The Habitability of Our Earth and Other Earths: Astrophysical, Geochemical, Geophysical, and Biological Limits on Planet Habitability
Annual Review of Earth and Planetary Science
For life-forms like us, the most important feature of Earth is its habitability. Understanding habitability and using that knowledge to locate the nearest habitable planet may be crucial for our survival as a species. During the past decade, expectations that the universe could be filled with habitable planets have been bolstered by the increasingly large overlap between terrestrial environments known to harbor life and the variety of environments on newly detected rocky exoplanets. The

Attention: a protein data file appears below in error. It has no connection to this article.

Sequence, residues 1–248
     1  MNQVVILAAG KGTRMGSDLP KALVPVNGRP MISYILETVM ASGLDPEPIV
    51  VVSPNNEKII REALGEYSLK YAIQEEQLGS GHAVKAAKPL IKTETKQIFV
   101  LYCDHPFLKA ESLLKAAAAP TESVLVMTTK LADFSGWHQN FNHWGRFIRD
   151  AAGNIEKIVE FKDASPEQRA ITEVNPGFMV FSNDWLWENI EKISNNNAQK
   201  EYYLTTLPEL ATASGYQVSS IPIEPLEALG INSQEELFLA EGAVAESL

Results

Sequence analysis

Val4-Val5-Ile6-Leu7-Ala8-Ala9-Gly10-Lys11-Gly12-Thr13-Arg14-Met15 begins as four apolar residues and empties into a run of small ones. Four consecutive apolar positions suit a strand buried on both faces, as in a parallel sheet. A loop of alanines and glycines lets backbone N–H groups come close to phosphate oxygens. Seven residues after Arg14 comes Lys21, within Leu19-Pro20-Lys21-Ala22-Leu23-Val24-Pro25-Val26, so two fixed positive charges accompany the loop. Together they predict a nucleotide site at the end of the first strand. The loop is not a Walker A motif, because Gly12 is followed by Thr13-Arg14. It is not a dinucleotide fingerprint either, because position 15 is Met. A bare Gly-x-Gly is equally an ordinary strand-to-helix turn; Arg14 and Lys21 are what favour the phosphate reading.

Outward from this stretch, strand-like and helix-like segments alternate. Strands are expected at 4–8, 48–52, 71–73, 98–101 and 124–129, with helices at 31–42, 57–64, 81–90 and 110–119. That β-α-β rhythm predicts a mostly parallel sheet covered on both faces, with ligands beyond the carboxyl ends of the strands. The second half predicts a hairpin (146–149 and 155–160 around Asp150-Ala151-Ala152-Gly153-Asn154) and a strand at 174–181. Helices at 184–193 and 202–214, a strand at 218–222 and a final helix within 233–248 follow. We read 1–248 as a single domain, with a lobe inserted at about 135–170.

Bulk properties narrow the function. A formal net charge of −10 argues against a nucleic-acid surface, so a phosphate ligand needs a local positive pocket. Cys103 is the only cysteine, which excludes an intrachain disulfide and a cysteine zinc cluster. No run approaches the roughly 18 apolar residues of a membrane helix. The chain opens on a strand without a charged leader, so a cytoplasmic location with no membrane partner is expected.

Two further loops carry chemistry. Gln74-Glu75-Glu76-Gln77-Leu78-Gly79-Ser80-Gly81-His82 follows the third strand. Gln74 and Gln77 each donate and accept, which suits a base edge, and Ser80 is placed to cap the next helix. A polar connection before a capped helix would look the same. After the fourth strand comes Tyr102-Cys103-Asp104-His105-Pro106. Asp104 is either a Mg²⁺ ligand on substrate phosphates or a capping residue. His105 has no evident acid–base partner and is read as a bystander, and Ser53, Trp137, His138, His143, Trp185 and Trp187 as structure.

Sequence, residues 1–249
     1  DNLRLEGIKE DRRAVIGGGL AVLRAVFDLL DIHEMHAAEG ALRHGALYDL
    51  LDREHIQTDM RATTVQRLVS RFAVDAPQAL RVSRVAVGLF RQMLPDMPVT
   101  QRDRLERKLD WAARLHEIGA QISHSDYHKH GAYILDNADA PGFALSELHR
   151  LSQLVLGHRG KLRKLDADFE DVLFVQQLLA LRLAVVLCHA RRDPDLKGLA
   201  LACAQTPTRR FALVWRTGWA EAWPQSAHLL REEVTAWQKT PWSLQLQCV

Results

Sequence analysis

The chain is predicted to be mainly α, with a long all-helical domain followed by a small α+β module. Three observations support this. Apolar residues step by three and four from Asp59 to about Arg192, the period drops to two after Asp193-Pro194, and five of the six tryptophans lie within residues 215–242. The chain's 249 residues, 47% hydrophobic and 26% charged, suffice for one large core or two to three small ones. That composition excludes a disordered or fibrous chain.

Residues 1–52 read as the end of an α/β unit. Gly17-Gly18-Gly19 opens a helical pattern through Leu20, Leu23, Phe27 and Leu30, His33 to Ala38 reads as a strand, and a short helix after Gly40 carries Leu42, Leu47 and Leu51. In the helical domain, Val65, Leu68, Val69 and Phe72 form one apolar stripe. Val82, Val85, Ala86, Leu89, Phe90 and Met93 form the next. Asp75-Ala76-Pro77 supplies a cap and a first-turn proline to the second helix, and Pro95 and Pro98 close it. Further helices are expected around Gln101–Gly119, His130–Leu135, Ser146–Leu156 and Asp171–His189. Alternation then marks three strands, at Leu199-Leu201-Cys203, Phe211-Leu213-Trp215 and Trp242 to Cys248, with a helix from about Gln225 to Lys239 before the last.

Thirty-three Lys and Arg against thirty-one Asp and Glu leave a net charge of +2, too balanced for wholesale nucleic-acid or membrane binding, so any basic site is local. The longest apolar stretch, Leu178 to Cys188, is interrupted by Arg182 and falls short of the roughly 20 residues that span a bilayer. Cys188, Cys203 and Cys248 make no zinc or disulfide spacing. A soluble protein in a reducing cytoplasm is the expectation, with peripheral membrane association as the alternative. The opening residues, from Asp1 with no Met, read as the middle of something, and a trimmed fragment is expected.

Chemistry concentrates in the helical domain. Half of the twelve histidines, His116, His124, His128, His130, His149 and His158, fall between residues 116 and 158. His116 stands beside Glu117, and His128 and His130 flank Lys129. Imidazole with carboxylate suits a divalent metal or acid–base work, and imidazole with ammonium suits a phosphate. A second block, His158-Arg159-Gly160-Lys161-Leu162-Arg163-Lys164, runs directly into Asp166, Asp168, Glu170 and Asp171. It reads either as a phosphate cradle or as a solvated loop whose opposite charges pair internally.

... lanets. The inhabited and uninhabited regions on Earth tell us that temperature and the presence of water are the main constraints that can be used in a habitability classification scheme for rocky planets. Our compilation and review of recent exoplanet detections suggests that the fraction of stars with planets is ∼100%, and that the fraction with rocky planets may be comparably large. We review extensions to the circumstellar habitable zone (HZ), including an abiogenesis habitable zone and the galactic habitable zone. 597 Annu. Rev. Earth Planet. Sci. 2012.40:597-623. Downloaded from www.annualreviews.org by Australian National University on 05/02/12. For personal use only. E u b a c t e r ia A r c h a e a E u k a r y o t e s Figure 1 The emergence of biologists from astronomy. Starting from the big bang at the bottom, deterministic physical sciences set the context for the emergence of life. The resulting biologists (animals) at the top of the tree (e.g., Pace 1997, Hedges & Kumar 2009) have constructed the brown phylogenetic tree based on the molecular fossils inside the DNA of the inhabitants of the biosphere. The terrestrial tree of life took root approximately four billion years ago. We review the features of rocky planets that are implicated in the ability to give root to, and maintain, a tree of life. HZ: habitable zone in particular, are a common product of star formation. Section 4 discusses the habitability of the most Earth-like exoplanets and the traditional circumstellar habitable zone (HZ). Section 5 reviews the supply of water to terrestrial planets. Finally, Section 6 reviews work on the galactic HZ and discusses a variety of habitability issues. A list of Summary Points precedes the references. THE HABITABLE ZONES ON EARTH Because habitability is about the complex relationship between life and environment, we start close to home with a discussion of the relationship between terrestrial life and terrestrial environments. The close fit between our requirements and what Earth can provide is not coincidental. Earth www.annualreviews.org • Habitability of Earth and Other Earths 599 Annu. Rev. Earth Planet. Sci. 2012.40:597-623. Downloaded from www.annualreviews.org by Australian National University on 05/02/12. For personal use only. www.annualreviews.org • Habitability of Earth and Other Earths 601 Annu. Rev. Earth Planet. Sci. 2012.40:597-623. Downloaded from www.annualreviews.org by Australian National University on 05/02/12. For personal use only. The Abiogenesis Habitable Zone and Habitable but Uninhabited Planets As we learn more about the origin of life, we can start to define an abiogenesis habitable zone (AHZ) where the requirements for life's emergence are met. The habitability requirements for the origin of life may be substantially different from, and more specific than, the requirements to maintain life on a planet-think of the difference between a spark plug to start an engine and a carburetor to supply it with fuel. If you shine light onto a vat of HOCNPS, or bubble molecular hydrogen through a flask of amino acids, life does not spontaneously emerge. For a planet to 602 Lineweaver · Chopra Annu. Rev. Earth Planet. Sci. 2012.40:597-623. Downloaded from www.annualreviews.org by Australian National University on 05/02/12. For personal use only.